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A Wanaka Wastebusters complaint about recycling claims made by New Zealand drinks manufacturer Charlie's has been upheld by the Commerce Commission.
Community recycling organisation Wanaka Wastebusters complained to the commission last year the plastic material Charlie's Honest Water Eco Bottles were made from could not be recycled. It sent more than 1200 of the plant-based PLA (Polylactic Acid) bottles back to Charlie's and asked the company to recycle them.
Charlie's Trading Company Ltd, which this month changed its name to The Better Drinks Company, arranged for those bottles to be industrially composted.
Commerce Commission communications manager Allanah Kalafatelis said the commission considered claims the eco bottles were recyclable were ''potentially misleading'' and a possible breach of the Fair Trading Act.
''While we accepted that the claims were true: the eco bottles can be recycled, our inquiries showed that the bottles are currently unsuitable for recycling in New Zealand. They are treated as a contaminant by recyclers and sent to landfills rather than recycled.''
The commission sent a Compliance Advice Letter to Charlie's regarding the complaint and the company subsequently amended advertising which was of concern to the commission.
The Better Drinks Company chief executive Craig Cotton confirmed after discussions with the commission, and to avoid any confusion since ''a small number of councils don't pick up PLA 7'', the ''please recycle'' symbol and statement had been removed from the eco-bottle and the company website earlier this year.
Wanaka Wastebusters spokesperson Gina Dempster said the move was a win for both consumers and recyclers.
''For consumers, it protects their right to accurate information to base their decisions on. For recyclers ... they don't have to deal with a material they can't recycle. It puts the responsibility back on Charlie's to come up with an end-of-life solution for the bottle, instead of expecting recyclers to sort it out for them.''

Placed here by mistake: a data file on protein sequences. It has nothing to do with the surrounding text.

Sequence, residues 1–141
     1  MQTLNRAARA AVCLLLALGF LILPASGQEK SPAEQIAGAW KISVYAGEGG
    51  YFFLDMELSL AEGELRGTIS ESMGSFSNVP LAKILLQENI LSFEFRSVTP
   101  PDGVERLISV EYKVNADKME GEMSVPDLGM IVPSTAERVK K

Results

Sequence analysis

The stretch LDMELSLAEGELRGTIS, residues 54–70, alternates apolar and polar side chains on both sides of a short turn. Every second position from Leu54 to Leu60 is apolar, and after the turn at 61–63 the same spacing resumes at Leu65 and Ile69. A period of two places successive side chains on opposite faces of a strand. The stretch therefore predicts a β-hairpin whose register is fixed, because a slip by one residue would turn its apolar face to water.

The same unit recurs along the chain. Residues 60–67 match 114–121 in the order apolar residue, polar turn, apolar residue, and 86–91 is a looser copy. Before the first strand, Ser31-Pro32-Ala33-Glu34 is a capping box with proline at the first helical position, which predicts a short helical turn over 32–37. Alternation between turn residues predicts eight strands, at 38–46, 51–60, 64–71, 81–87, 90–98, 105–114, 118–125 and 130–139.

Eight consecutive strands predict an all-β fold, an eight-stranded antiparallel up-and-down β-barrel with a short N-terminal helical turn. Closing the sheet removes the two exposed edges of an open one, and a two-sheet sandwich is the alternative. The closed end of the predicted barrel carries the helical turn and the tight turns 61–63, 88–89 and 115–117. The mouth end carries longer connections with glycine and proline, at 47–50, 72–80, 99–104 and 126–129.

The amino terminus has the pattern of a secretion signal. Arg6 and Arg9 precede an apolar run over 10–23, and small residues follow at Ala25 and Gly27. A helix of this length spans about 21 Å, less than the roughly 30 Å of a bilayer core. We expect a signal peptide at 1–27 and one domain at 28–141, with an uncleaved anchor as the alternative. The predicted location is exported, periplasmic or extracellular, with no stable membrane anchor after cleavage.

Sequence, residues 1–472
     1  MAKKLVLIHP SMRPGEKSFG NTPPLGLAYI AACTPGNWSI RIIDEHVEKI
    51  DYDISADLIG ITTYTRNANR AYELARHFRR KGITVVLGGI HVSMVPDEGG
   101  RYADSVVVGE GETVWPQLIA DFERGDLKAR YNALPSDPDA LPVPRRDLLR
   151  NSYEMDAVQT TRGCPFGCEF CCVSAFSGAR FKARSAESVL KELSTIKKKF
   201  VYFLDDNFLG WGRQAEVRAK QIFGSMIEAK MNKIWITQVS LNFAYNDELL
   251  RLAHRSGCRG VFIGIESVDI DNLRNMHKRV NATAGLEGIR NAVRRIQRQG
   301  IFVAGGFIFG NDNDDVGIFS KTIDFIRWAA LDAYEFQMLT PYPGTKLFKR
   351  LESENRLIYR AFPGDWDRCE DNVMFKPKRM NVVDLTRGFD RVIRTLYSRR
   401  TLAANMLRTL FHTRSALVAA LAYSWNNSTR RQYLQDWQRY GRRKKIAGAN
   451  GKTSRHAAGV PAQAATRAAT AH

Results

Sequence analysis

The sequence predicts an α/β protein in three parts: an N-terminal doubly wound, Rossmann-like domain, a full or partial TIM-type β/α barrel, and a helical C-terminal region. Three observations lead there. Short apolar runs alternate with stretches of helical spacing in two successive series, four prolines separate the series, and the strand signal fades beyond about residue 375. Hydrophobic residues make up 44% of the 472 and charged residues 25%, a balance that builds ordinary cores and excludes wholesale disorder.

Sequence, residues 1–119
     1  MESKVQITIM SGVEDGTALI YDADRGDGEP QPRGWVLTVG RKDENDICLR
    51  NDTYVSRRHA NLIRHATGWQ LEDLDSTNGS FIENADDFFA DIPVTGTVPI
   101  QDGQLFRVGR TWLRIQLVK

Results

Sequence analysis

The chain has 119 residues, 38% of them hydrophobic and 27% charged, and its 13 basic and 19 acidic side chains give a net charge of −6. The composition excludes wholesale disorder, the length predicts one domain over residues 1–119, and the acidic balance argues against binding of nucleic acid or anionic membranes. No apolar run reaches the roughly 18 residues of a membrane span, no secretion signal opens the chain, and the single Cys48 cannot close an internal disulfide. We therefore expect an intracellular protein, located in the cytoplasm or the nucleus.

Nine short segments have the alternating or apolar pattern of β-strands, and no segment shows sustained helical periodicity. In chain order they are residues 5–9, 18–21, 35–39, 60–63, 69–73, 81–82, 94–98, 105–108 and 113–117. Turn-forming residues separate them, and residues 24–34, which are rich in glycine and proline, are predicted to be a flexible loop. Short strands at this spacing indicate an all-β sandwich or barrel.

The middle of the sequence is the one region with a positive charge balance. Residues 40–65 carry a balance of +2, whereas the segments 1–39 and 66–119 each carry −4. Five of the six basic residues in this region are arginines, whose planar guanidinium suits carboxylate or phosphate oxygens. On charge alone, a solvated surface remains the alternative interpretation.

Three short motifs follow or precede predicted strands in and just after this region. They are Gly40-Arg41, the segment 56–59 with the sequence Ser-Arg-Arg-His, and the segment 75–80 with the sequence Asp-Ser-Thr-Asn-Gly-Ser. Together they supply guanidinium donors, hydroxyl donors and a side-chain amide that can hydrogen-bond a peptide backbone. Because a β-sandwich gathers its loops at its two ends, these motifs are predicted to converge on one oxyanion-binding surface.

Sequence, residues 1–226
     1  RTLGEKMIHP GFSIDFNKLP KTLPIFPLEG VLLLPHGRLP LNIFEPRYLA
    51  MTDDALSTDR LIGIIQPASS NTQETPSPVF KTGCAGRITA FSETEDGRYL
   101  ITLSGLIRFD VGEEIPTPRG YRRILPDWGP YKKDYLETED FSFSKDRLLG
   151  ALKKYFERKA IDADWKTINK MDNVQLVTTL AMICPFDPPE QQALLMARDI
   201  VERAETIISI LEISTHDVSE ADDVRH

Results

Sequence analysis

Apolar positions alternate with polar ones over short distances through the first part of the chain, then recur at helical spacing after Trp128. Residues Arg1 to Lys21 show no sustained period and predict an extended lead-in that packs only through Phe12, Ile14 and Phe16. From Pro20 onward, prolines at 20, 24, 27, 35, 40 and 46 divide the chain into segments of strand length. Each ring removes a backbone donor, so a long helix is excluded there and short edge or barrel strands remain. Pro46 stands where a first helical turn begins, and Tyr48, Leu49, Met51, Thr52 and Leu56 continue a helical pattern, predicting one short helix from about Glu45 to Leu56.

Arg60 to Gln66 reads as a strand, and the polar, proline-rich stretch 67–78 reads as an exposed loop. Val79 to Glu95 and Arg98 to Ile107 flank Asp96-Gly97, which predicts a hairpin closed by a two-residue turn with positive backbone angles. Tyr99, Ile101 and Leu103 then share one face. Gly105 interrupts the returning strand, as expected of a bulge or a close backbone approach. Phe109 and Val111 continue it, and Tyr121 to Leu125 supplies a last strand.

Ms Dempster said Wanaka Wastebusters took the case to the Commerce Commission to protect the goodwill people had towards recycling.
''It's misleading to put 'please recycle' on the label, if the bottles are actually going to end up in the landfill.''
However, Mr Cotton maintained there was nothing misleading about the claims.
''Councils are paid to collect bottles made from PLA 7 and 80% of consumers live within councils that have kerb-side recycling. It is up to the council and or recyclers to decide what it does with the bottles once collected. There is a perfectly good commercial composting plant in Waiuku south of Auckland.
''Our view is still that PLA 7 can be commercially composted in New Zealand and we respectfully suggest recyclers and councils look towards the future and invest in making it a viable sustainable business opportunity that is better for the planet than putting oil-based PET plastic into the ground.''
Mr Cotton said at this stage, the company would not be changing from the PLA plastic used for the Honest Water Eco Bottles, nor would it change the name of the product.
Wanaka Wastebusters has developed a smart packaging website for businesses www.smartpackaging.org with financial assistance from the Waste Minimisation Fund.